Fowler points to users searching for viral hits from TV shows and the borders between different genres — the lines of which get blurrier with every passing year — as spaces where algorithms need additional guidance from the YouTube Music team. Unconventional super groups will also throw a wrench into an algorithms success rate, Fowler says, as Labyrinth, Sia and Diplo’s group LSD did when it released its debut album in April 2019. “Those three artists have incredibly sizeable followings on YouTube, but the algorithm, when it saw that content come in, it didn’t know what to do with it,” says Fowler. So, contextual awareness around the groups following needed to be added by hand. “Often you need to have a human that can actually help provide input,” he says. “Let’s actually provide context to the system that’s important.”
Genres can provide a challenge to YouTube’s algorithm as well, and the company’s solution to the problem has been the cavalcade of sub-genres you’ll see in year-end wrap ups with names like “pop rap” or “deep pop emo.” “We use humans to train things like classifiers by creating groups of like music,” says Fowler. “Genre is incredibly subjective, and things that are labeled as Brazilian music necessarily aren’t palatable if you can lump it all together. There’s Brazilian funk, and there’s classic Brazilian music. We think of it as human and machine, the marriage of it, but we allow the algorithms to speak to the user once we’ve given the algorithms the full context.”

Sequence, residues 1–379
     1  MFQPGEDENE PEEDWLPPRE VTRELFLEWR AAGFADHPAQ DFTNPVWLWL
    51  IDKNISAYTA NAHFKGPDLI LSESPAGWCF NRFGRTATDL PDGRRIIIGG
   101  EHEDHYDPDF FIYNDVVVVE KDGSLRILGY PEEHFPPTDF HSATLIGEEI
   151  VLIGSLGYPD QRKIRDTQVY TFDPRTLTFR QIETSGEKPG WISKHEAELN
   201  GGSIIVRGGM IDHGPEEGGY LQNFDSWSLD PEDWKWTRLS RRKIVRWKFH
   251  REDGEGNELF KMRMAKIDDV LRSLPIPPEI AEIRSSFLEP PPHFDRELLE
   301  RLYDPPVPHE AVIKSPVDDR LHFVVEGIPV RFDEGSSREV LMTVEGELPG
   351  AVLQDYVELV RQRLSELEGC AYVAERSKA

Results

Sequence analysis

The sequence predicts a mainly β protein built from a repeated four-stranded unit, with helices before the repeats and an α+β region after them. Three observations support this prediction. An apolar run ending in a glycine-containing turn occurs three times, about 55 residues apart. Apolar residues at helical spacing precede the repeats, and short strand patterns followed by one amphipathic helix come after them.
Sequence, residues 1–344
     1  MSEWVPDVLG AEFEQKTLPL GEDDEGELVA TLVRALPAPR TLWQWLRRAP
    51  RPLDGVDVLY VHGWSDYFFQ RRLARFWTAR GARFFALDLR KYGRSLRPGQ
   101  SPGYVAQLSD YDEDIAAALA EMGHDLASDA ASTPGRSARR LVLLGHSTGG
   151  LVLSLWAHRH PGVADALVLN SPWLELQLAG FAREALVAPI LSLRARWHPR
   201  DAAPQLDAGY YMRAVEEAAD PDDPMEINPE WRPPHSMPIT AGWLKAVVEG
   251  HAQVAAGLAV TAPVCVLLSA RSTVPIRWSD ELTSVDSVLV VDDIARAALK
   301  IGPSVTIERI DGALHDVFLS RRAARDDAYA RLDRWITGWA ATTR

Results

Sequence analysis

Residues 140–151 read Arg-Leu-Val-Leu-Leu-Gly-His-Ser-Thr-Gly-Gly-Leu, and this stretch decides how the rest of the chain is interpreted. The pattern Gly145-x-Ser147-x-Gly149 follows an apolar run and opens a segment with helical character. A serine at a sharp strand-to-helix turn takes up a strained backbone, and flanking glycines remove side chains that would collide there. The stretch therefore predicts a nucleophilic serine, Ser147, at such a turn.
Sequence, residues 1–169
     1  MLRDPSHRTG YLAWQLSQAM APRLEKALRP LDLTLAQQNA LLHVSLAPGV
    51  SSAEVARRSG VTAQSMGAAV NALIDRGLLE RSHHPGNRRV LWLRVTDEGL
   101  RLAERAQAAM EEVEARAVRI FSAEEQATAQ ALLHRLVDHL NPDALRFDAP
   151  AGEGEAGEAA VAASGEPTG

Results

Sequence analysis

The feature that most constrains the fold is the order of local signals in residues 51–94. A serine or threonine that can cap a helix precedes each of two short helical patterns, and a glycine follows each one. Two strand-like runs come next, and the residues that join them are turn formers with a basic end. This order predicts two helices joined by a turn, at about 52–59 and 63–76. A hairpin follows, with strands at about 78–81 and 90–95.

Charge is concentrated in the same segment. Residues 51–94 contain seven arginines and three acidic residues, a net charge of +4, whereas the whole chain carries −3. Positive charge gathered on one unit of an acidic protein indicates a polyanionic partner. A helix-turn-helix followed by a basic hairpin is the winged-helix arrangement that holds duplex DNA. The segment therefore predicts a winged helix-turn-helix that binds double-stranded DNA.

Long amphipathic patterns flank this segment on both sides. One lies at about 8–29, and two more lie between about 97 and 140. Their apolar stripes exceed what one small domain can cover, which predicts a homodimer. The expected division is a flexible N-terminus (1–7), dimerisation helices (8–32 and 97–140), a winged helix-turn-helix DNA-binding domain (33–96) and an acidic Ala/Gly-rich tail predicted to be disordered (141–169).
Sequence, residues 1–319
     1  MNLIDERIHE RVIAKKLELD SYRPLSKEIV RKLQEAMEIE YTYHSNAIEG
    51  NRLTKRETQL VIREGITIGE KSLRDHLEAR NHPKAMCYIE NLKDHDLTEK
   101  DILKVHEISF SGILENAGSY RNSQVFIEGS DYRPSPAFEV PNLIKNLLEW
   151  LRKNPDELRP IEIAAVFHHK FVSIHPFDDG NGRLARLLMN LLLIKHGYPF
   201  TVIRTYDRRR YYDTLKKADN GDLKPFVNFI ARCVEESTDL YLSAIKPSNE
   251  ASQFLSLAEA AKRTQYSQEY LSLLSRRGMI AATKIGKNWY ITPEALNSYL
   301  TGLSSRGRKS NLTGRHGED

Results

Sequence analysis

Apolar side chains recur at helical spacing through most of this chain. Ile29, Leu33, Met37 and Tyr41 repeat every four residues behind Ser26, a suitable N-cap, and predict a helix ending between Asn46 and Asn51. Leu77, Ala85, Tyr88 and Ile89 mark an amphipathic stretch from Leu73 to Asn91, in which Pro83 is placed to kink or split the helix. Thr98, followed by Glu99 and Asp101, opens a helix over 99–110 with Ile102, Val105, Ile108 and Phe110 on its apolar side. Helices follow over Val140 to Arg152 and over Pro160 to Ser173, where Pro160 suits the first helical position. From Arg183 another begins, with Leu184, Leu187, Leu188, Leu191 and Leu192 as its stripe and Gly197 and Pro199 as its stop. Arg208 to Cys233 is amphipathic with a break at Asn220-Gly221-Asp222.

To determine a playlist’s success, Fowler says, “The first metric we look at is the number of impressions and the number of click-throughs. Did we put the right playlist in front of you that drew your attention?” That analysis comes down to taste profile (is it the right playlist for the listener), if the user is able to understand what the playlist offers through the artwork and title, and how the user consumes the playlist.
“Once you click through, we look at what we call super consumption,” Fowler continues. “Did you spend time with it, and have a long listening session? Skips are fine. We don’t penalize you for skips, but did you listen to a bunch of songs and are you getting value out of it?”
YouTube also considers “tertiary metrics,” including giving a thumbs up to songs, and repeated listening or returning to the playlist, which YouTube calls re-consumption. “That’s how we really know that we’ve got a good property,” Fowler says.
There are still improvements the YouTube Music team would like to make, most notably to develop their algorithm to better understand and predict how a user’s taste in music changes over time.
“We will probably struggle with this to the end of time, especially as this next generation is truly genre-spanning, truly era-spanning,” says Fowler. “They have their TikTok songs that they know all the words to, and then they’ve got the real songs that they like, and there’s going to be an intersection of those two. It’s going to be an ongoing, evolving problem, but it’s a fun one.”